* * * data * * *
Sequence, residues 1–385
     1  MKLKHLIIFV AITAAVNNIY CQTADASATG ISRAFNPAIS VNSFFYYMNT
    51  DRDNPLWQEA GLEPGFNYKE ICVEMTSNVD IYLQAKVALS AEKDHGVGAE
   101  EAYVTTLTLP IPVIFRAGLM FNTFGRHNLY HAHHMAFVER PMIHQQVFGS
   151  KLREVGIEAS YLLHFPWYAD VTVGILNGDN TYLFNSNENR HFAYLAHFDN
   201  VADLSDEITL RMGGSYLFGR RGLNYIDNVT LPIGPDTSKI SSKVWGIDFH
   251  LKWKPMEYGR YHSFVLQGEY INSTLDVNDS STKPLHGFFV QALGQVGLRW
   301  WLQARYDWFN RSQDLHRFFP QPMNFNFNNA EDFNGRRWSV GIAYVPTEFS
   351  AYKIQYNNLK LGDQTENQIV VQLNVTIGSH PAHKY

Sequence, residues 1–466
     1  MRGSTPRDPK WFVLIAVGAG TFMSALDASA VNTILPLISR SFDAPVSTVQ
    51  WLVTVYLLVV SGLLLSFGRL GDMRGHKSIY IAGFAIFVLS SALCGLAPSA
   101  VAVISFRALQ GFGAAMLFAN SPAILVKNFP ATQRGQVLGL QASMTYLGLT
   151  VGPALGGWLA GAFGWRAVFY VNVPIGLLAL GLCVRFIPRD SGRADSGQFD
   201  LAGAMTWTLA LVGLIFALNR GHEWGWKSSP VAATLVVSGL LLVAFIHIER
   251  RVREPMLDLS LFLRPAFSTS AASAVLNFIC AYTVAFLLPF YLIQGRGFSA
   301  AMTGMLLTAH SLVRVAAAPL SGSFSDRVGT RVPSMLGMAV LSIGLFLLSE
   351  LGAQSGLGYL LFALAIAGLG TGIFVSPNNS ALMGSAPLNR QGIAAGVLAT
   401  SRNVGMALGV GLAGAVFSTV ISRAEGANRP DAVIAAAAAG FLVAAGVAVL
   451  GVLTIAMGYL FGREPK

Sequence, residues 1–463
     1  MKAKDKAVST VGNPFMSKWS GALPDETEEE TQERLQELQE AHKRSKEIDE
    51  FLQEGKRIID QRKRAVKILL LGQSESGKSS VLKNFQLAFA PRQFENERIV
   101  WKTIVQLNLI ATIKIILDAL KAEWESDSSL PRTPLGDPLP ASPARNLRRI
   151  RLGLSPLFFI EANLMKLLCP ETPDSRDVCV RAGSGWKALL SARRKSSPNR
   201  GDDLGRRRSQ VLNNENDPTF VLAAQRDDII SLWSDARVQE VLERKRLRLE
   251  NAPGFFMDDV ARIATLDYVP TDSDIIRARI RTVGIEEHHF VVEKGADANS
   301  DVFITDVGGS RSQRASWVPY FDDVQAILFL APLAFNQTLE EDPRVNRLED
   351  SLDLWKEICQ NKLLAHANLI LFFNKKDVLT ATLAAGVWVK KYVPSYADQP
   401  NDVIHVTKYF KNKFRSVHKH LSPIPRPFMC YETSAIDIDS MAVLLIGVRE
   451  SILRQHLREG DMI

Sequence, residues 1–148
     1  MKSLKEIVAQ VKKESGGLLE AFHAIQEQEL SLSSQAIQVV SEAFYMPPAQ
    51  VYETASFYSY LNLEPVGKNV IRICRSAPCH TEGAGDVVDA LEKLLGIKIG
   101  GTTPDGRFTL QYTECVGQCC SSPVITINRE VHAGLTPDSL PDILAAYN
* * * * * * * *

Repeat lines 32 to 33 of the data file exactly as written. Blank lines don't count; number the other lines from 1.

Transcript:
Sequence, residues 1–148
     1  MKSLKEIVAQ VKKESGGLLE AFHAIQEQEL SLSSQAIQVV SEAFYMPPAQ